Network and school variations in adolescents’ health behaviour and educational attainment: a multilevel analysis of US data

Gerogiannis, George (2023) Network and school variations in adolescents’ health behaviour and educational attainment: a multilevel analysis of US data. PhD thesis, University of Glasgow.

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This thesis develops a statistical methodology for an important area of social network modelling, that of the effects that an individual’s social network can have on the individual’s propensity to engage in an array of different acts, which has been a public health concern in many societies and is increasingly becoming important in the commercial world as access to such data is becoming increasingly available and can be used to maximise profits. The majority of studies that investigate this phenomenon estimate the fixed effects of network statistics on an individual’s propensity to engage in a certain behaviour and are based on network health data. The process thought to generate this phenomenon is typically modelled with a univariate Bernoulli generalised linear model, which simplifies the network component present in the process by summarising it with statistics, a procedure which induces a loss of information. Over the past 20 years, statistical methodology has been developed to remedy this issue with the use of a Bernoulli generalised linear mixed model which explicitly accounts for the network components by modelling them as random effects. The work presented in this thesis provides several novel contributions to these approaches

• The first of which is the development of a multivariate model that extends the multiple membership multiple classification model proposed by Browne et al. (2001).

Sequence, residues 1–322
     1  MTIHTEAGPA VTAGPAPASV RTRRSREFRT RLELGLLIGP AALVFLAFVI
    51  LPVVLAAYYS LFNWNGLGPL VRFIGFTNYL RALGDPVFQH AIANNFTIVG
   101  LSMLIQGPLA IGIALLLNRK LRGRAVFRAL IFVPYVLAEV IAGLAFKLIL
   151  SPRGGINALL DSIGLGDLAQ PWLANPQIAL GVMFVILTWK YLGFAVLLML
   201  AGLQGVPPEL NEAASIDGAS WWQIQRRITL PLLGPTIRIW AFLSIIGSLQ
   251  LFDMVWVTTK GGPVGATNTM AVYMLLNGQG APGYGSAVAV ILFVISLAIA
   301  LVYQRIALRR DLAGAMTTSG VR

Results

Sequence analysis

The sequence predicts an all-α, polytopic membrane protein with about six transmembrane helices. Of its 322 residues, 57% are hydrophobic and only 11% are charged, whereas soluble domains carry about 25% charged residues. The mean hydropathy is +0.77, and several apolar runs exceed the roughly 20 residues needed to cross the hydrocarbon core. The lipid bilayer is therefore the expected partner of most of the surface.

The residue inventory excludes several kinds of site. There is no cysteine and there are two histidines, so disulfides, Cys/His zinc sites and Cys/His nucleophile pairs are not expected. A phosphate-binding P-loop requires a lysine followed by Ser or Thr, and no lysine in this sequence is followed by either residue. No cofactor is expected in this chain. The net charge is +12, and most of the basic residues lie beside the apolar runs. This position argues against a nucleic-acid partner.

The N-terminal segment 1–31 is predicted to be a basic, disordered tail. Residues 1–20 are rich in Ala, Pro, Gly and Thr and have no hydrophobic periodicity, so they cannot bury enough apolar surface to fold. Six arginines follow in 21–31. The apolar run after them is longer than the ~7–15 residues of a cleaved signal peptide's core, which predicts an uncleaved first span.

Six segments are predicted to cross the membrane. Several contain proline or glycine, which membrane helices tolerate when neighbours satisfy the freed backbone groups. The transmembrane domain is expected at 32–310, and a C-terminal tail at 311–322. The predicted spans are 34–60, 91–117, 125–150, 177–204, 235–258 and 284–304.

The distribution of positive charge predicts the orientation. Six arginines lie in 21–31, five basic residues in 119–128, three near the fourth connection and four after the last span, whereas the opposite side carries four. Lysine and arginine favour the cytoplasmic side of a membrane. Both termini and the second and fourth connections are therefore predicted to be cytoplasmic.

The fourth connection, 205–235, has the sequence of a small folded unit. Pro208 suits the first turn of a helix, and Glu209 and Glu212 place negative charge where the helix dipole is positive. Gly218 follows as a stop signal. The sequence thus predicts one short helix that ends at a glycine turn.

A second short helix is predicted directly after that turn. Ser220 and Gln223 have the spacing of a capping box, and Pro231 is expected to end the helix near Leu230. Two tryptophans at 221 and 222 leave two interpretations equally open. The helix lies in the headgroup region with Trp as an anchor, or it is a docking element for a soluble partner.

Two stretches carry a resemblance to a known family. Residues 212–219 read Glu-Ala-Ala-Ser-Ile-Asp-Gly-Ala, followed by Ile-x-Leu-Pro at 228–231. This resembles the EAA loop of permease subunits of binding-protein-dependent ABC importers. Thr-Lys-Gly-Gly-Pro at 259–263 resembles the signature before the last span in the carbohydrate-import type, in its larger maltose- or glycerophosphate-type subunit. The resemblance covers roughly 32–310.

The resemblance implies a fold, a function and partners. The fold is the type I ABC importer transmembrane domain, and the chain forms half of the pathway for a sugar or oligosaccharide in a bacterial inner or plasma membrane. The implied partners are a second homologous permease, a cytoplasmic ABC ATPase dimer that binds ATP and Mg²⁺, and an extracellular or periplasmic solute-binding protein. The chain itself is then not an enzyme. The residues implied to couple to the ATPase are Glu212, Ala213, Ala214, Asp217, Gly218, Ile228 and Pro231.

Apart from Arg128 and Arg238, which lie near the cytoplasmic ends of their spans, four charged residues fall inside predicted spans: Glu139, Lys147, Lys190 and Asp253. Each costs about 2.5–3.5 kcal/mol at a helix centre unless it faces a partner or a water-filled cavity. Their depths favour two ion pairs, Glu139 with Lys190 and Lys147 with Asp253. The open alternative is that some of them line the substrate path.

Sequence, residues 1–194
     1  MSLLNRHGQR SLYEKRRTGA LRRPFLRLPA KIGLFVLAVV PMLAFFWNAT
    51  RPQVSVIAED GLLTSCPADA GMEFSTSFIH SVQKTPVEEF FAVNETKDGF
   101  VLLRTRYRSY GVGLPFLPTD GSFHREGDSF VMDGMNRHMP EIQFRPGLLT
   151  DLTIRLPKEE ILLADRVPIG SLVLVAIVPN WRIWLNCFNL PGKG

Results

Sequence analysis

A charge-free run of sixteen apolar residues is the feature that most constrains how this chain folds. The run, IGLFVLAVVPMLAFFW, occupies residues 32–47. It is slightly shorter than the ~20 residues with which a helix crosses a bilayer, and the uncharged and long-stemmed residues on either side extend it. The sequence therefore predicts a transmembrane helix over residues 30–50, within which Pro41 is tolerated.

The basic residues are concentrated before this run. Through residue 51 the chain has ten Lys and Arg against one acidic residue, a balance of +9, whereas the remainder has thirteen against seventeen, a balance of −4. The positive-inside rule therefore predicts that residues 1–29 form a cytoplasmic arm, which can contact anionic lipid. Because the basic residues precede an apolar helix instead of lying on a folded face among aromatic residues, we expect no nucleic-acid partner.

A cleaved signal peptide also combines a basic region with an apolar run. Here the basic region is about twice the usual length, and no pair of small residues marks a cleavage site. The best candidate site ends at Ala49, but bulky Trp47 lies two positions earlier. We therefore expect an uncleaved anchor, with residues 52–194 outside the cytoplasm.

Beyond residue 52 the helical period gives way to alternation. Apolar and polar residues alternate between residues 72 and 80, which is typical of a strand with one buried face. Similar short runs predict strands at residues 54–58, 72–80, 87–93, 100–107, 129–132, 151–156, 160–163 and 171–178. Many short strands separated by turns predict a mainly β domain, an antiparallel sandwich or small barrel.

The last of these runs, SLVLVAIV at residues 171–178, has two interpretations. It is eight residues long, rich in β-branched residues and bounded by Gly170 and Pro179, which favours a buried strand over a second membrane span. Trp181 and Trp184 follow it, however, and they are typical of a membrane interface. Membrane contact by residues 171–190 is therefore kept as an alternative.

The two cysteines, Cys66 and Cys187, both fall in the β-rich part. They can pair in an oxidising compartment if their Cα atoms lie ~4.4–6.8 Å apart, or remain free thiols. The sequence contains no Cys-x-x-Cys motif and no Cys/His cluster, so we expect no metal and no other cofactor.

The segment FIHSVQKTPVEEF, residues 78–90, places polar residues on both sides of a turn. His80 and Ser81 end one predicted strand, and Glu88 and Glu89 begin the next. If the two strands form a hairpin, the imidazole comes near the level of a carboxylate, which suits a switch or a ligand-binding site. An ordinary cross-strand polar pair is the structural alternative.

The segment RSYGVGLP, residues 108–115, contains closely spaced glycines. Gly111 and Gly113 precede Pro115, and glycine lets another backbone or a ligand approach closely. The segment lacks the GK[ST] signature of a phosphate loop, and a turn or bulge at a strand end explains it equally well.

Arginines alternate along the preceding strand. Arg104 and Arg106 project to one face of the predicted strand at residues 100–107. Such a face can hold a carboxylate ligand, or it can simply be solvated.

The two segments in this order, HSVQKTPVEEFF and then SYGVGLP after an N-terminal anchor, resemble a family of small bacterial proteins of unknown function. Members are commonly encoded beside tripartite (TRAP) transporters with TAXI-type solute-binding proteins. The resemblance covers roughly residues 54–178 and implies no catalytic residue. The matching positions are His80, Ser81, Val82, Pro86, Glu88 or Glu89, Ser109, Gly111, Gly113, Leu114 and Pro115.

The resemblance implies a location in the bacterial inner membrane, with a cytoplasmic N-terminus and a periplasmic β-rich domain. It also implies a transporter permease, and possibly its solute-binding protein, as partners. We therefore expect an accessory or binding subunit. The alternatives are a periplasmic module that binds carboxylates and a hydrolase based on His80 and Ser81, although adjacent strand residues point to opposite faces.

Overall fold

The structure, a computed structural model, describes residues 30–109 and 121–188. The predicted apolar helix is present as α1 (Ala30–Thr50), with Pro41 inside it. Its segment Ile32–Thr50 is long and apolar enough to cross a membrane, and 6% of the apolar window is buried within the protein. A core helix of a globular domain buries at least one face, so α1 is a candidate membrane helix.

• The second is the development of a multivariate model that considers a spatio-network interaction involving the sets of spatial and network random effects, as it may be of interest to study whether friendship effects differ depending on the areal unit in which an individual lives.

• The third concerns the development of a software package that will enable researchers to implement the models developed in this thesis.

These novel contributions are achieved through the use of Bayesian hierarchical models with estimation performed with Markov chain Monte Carlo simulation.

Item Type: Thesis (PhD)
Qualification Level: Doctoral
Subjects: H Social Sciences > HA Statistics
H Social Sciences > HM Sociology
L Education > L Education (General)
R Medicine > RA Public aspects of medicine
Colleges/Schools: College of Social Sciences
Supervisor's Name: Tranmer, Professor Mark, Lee, Professor Duncan and Moore, Professor Laurence
Date of Award: 2023
Depositing User: Theses Team
Unique ID: glathesis:2023-83799
Copyright: Copyright of this thesis is held by the author.
Date Deposited: 04 Sep 2023 10:12
Last Modified: 04 Sep 2023 10:16
Thesis DOI: 10.5525/gla.thesis.83799

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